There are plenty of problems to anticipate, writes Gerald Haigh
Secondary schools are used to running external exams. They have a body of knowledge and wisdom stretching back to O-levels, CSE and before, which enables them to cope with the exponential growth in statutory assessment that's taken place in recent years.
The next big change will arrive in the form of onscreen, or online assessment: pupils sitting tests and exams in front of a computer. It is possible that those schools depending on past experience to see them into the new era will be taken by surprise. What's coming is of a different order.
To find out what it's like to run a statutory test on computers, I talked to Ian Cox, head of ICT at Bushloe high school in Wigston, Leicestershire.
Bushloe was one of 400 schools that last year piloted the Qualifications and Curriculum Authority's onscreen key stage 3 test in ICT.
The most important message is that you can't start preparations for the test too early. This summer, Bushloe will be in the next pilot, involving more schools.
"We started early in January," says Ian Cox, in order to give candidates a level playing field because there is a specially written self-contained toolkit of applications, which children have to learn about before they do the actual test. Practice sessions are provided, but, says Ian Cox, it's important to bear in mind that, although all children come new to the software, that doesn't mean they're all equally able to cope. Care is needed to ensure that the "level playing field" principle really applies.
"The file-management system, and the email system are what most people are used to, for example. There are some people who use a wide range of software at home, and can transfer the skills easily," he says. "Others need a bit more time if they're not to be disadvantaged."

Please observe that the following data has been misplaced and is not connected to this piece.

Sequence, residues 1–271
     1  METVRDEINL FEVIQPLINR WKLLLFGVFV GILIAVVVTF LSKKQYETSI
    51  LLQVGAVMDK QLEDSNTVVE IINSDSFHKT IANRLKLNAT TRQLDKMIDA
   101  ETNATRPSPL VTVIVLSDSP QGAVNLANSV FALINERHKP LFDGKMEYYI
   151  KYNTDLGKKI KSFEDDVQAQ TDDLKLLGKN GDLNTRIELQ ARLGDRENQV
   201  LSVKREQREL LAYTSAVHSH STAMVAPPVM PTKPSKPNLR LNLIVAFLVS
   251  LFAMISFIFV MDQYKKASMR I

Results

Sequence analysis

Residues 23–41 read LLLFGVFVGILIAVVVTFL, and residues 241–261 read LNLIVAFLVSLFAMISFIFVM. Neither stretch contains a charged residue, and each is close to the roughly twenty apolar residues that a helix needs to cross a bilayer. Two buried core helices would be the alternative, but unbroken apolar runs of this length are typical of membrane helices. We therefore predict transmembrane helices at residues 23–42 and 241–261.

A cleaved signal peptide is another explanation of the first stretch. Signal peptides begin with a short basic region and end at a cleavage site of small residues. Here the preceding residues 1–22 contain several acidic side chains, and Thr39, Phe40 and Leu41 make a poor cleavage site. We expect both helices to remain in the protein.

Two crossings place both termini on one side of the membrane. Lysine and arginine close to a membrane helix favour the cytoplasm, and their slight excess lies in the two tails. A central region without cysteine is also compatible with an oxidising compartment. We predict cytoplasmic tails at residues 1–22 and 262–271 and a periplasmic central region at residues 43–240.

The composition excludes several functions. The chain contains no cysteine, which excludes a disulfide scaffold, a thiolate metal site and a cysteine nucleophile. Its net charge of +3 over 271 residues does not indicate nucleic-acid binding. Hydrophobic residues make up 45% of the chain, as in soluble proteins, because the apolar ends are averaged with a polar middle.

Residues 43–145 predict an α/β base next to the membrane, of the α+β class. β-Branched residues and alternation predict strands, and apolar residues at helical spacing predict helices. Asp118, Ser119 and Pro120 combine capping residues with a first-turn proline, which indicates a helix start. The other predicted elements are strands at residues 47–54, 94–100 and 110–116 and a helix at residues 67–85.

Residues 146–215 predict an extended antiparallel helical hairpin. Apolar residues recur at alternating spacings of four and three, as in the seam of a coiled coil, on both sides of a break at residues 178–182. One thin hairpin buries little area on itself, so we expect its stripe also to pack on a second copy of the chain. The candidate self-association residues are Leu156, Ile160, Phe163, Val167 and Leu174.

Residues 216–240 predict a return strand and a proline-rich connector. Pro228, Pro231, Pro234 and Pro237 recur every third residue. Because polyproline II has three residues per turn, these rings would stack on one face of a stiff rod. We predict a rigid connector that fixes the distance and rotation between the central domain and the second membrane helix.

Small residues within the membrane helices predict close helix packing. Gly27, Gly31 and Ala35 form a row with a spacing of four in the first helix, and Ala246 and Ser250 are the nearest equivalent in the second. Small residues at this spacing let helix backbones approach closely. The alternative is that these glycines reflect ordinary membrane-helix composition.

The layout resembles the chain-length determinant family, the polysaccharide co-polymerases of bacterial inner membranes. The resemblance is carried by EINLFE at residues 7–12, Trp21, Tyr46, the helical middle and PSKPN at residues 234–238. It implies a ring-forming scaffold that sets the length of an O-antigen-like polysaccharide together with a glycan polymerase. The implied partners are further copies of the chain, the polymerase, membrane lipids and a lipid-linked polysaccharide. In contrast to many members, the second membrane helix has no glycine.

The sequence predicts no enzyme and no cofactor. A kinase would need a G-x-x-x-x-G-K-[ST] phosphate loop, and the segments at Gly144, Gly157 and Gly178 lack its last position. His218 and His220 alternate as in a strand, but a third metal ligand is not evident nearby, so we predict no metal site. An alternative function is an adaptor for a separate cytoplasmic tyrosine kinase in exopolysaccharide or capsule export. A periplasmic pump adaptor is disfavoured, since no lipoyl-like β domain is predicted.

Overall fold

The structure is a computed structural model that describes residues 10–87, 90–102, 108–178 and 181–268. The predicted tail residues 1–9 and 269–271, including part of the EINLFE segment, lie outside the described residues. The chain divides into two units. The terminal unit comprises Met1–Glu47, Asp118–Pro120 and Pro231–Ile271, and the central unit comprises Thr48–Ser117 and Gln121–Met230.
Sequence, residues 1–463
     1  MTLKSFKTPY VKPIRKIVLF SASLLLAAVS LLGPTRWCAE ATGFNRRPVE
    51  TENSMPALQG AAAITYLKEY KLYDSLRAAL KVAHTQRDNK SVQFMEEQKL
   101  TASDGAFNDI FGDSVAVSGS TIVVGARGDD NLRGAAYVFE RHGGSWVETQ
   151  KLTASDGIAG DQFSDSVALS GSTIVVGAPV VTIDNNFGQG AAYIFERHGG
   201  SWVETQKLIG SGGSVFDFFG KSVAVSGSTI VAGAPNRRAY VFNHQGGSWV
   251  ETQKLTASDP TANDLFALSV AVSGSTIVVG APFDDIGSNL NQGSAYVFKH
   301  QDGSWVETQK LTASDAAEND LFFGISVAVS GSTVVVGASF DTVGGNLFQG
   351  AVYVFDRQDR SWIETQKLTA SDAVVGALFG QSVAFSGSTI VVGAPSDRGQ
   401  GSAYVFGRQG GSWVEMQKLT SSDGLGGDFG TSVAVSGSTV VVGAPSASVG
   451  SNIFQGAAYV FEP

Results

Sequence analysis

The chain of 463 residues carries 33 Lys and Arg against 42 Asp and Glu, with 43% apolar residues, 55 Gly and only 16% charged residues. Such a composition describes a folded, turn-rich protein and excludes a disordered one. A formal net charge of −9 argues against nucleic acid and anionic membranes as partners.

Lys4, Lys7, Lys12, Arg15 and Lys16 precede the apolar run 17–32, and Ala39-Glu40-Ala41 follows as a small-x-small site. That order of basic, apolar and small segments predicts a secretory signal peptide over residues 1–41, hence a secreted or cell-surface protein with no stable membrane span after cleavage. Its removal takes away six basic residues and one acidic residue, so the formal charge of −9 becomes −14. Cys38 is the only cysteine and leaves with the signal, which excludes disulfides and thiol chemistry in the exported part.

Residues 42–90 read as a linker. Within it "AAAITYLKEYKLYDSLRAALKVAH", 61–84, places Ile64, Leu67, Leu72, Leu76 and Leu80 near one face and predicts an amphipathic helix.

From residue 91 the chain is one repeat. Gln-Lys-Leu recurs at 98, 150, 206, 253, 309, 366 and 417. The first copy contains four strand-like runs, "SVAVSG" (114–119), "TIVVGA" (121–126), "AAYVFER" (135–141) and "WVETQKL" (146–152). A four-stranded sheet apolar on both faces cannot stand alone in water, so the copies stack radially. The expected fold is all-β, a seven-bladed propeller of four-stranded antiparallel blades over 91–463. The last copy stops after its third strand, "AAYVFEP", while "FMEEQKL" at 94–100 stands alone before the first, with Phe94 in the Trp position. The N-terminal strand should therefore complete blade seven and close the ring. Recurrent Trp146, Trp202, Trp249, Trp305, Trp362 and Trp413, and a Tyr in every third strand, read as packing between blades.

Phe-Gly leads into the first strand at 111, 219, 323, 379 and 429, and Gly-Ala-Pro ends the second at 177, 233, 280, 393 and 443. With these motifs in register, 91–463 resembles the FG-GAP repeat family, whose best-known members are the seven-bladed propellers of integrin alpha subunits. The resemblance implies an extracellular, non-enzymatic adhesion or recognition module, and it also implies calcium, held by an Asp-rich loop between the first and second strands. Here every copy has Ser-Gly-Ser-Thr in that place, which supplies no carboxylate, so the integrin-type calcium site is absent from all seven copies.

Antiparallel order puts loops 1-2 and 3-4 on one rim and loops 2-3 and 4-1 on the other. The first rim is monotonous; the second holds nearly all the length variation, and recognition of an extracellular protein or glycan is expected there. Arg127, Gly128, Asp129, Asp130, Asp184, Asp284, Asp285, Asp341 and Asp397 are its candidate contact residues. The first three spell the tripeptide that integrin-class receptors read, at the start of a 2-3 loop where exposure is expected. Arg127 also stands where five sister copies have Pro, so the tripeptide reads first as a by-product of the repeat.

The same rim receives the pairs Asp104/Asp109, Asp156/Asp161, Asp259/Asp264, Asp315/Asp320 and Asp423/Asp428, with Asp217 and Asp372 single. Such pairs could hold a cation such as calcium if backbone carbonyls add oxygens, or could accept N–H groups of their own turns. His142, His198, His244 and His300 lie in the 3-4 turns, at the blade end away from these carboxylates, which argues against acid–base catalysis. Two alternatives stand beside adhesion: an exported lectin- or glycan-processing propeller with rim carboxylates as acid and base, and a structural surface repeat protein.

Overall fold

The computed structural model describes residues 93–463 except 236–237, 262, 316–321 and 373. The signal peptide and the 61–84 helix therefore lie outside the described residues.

Another reason for starting early is because it's necessary to think well ahead about timetabling implications. The tests consist of two 50-minute sessions each, says Ian Cox. "You have to make sure of access to the computer suites. We ran it in one room, dividing the children into seven groups," he says. "So that's 14 sessions over a two-week period."
The problem is compounded by other factors, common to many schools. The length of lessons can cause headaches.
"Our lessons are 55 minutes," says Ian Cox, " So there was no chance of fitting in a 50-minute test. We had to allocate 14 blocks of an hour each.
We had to do a lot of re-rooming, and it was a struggle to make sure we had the time available." (Arguably, even an hour is tight, since technical problems could arise - the possibility of over-runs should always be kept in mind.) All the time the tests are going on, the rest of the school is getting on with its business - which includes the paper KS3 tests in other subjects, as well as the standard timetable for the rest of the children.
Remember too that computer hardware and software are never infallible: you could face a real test of leadership and teamwork. It's significant that Ian Cox is an assistant head, with a voice in senior management.
Potential snags apart, the schools that are alive to what needs to be done will be first to reap the clear benefits of this form of testing. Such benefits are seen in terms of pupil motivation, ease of administration, "test-when-ready" flexibility and the readiness with which results can be gathered and handled.